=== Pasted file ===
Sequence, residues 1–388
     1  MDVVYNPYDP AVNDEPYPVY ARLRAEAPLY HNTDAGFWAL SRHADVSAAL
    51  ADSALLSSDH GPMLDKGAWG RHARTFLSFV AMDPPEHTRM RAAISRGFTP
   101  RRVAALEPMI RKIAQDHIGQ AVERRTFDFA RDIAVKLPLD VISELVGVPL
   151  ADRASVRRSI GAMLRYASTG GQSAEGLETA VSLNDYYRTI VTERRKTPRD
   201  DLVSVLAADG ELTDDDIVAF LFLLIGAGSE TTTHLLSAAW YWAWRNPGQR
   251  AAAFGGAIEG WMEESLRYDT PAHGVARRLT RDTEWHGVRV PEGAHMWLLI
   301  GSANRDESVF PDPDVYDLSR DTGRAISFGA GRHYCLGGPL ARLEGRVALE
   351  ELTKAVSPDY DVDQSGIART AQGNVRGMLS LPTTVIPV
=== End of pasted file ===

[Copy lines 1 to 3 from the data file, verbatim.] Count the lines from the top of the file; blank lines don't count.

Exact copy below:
Sequence, residues 1–388
     1  MDVVYNPYDP AVNDEPYPVY ARLRAEAPLY HNTDAGFWAL SRHADVSAAL
    51  ADSALLSSDH GPMLDKGAWG RHARTFLSFV AMDPPEHTRM RAAISRGFTP